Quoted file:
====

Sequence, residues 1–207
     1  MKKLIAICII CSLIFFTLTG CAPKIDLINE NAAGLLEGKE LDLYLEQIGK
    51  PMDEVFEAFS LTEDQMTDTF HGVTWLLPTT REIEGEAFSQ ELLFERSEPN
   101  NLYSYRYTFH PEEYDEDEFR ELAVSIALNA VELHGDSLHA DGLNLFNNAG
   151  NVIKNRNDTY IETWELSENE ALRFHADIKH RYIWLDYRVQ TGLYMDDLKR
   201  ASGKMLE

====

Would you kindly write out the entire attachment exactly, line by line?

Sequence, residues 1–207
     1  MKKLIAICII CSLIFFTLTG CAPKIDLINE NAAGLLEGKE LDLYLEQIGK
    51  PMDEVFEAFS LTEDQMTDTF HGVTWLLPTT REIEGEAFSQ ELLFERSEPN
   101  NLYSYRYTFH PEEYDEDEFR ELAVSIALNA VELHGDSLHA DGLNLFNNAG
   151  NVIKNRNDTY IETWELSENE ALRFHADIKH RYIWLDYRVQ TGLYMDDLKR
   201  ASGKMLE